Hanover native Kayen Wilborn leads The Peppas through a traditional Maori haka Sunday at the Black and Gold Scrimmage.
The VCU Basketball season hasn’t even started yet, but the school’s pep band, The Peppas, appear to be in midseason form.
Over the years, the band has used any number of tactics to distract opponents and whip VCU fans into a frenzied state, from riding (and playing) around Manhattan on a double-decker bus, to ripping through a non-traditional set list with unusual flair.
On Sunday, Oct. 26 at the annual VCU Basketball Black and Gold Scrimmage, The Peppas raised the bar with a thunderous rendition of a traditional New Zealand Maori haka. As of this writing, a video of the performance had caught the eye of several national media outlets and had been viewed nearly 23,000 times on YouTube. For a photo gallery of the performance, check out VCUSports.com.
The first haka, Ka Mate, Ka Mate, was composed in the late 19th century by Te Rauparaha, a chief of the Ngāti Toa Rangatira tribe. Hakas were originally performed by the Maori people in preparation for a challenge or battle, but in recent years it has been used at welcome celebrations, before athletic contests and a variety of other special events. New Zealand athletic teams popularized the performance of hakas prior to sporting events shortly after its introduction into the culture. New Zealand’s “All Blacks” rugby team has been the most visible of these, and the country’s national basketball team nabbed headlines this past summer for their performance during the FIBA World Championships.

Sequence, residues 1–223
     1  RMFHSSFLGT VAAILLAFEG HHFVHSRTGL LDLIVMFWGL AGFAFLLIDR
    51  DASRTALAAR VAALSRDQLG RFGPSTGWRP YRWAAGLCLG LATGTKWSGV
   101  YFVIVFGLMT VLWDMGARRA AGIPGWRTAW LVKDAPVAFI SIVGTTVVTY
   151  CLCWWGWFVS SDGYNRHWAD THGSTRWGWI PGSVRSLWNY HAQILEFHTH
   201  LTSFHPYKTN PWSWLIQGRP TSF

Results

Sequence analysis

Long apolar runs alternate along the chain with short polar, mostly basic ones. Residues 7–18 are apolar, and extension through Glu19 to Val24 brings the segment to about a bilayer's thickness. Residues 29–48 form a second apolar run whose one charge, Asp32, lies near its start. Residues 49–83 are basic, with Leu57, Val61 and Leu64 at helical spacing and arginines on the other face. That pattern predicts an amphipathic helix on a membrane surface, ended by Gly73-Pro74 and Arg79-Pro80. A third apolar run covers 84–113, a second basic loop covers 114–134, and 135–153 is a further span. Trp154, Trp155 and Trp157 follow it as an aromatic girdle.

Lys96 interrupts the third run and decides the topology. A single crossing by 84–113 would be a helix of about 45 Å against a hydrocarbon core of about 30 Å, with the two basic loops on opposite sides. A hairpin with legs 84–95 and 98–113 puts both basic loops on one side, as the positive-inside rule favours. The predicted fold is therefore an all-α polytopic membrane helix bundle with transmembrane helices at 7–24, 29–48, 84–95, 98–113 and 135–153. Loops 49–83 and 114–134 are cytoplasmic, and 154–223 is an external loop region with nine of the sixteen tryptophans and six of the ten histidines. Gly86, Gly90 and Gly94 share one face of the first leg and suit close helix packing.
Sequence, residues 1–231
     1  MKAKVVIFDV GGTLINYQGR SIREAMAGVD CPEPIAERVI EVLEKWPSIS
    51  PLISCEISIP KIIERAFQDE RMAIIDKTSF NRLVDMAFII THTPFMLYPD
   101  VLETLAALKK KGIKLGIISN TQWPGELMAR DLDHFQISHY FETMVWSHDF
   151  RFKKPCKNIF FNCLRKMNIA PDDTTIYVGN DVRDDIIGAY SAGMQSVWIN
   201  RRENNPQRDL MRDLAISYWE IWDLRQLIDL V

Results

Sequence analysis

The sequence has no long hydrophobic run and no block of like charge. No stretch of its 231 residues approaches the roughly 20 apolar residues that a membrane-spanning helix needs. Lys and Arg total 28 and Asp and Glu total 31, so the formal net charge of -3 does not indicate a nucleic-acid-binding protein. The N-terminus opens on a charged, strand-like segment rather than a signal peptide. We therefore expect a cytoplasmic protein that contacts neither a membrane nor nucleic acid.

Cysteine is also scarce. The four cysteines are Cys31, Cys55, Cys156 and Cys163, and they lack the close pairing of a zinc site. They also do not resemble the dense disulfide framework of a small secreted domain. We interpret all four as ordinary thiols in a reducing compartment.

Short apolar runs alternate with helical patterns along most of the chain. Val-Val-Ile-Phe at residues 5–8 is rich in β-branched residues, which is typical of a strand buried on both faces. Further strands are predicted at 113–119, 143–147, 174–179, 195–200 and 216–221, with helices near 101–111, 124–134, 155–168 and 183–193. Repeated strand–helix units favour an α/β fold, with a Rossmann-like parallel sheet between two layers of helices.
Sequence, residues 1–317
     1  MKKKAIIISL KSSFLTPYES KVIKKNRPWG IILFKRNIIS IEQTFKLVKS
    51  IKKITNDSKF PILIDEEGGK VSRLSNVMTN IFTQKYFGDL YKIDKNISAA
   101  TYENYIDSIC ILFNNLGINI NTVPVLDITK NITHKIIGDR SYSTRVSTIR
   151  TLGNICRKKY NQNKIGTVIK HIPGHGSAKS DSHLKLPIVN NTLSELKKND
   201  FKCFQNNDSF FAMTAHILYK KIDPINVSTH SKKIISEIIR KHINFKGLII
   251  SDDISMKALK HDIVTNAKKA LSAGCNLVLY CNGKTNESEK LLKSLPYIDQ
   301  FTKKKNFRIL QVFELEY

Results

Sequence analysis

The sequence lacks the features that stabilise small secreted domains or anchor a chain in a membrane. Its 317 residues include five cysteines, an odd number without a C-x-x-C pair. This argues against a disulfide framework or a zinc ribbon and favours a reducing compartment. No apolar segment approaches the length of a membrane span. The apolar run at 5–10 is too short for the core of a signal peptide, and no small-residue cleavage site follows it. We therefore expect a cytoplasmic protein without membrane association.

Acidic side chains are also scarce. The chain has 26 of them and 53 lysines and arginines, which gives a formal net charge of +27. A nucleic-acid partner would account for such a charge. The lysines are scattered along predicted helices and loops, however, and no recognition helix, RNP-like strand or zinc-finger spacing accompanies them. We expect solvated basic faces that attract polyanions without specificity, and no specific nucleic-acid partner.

According to VCU Pep Band Director Ryan Kopacsi, The Peppas will be performing a war haka called Peruperu (a dance with weapons), which is marked by fierce facial expressions and percussive movements, and has been used throughout its history to intimidate the opposition. It is considered a bad omen if a haka is not performed in unison.
“I was searching for intense things for us to do a few years ago and I was watching tons of videos. I was writing down ideas. Someone sent me a video of the All Blacks doing it. I was floored and couldn’t stop watching video after video. From there it was all about right place right time. The right place is here and the right time is now,” Kopacsi said earlier this week via email.
Also, according to the Haka Ka Mate Attribution Bill, passed the New Zealand’s Parliament in 2014, Kopacsi asked to include the following statement:
Te Rauparaha was the composer of Ka Mate and a chief of Ngāti Toa Rangatira. We accept the honor to perform this declaration.
In case you missed it, or if you just wanted to watch again, here’s Sunday’s performance: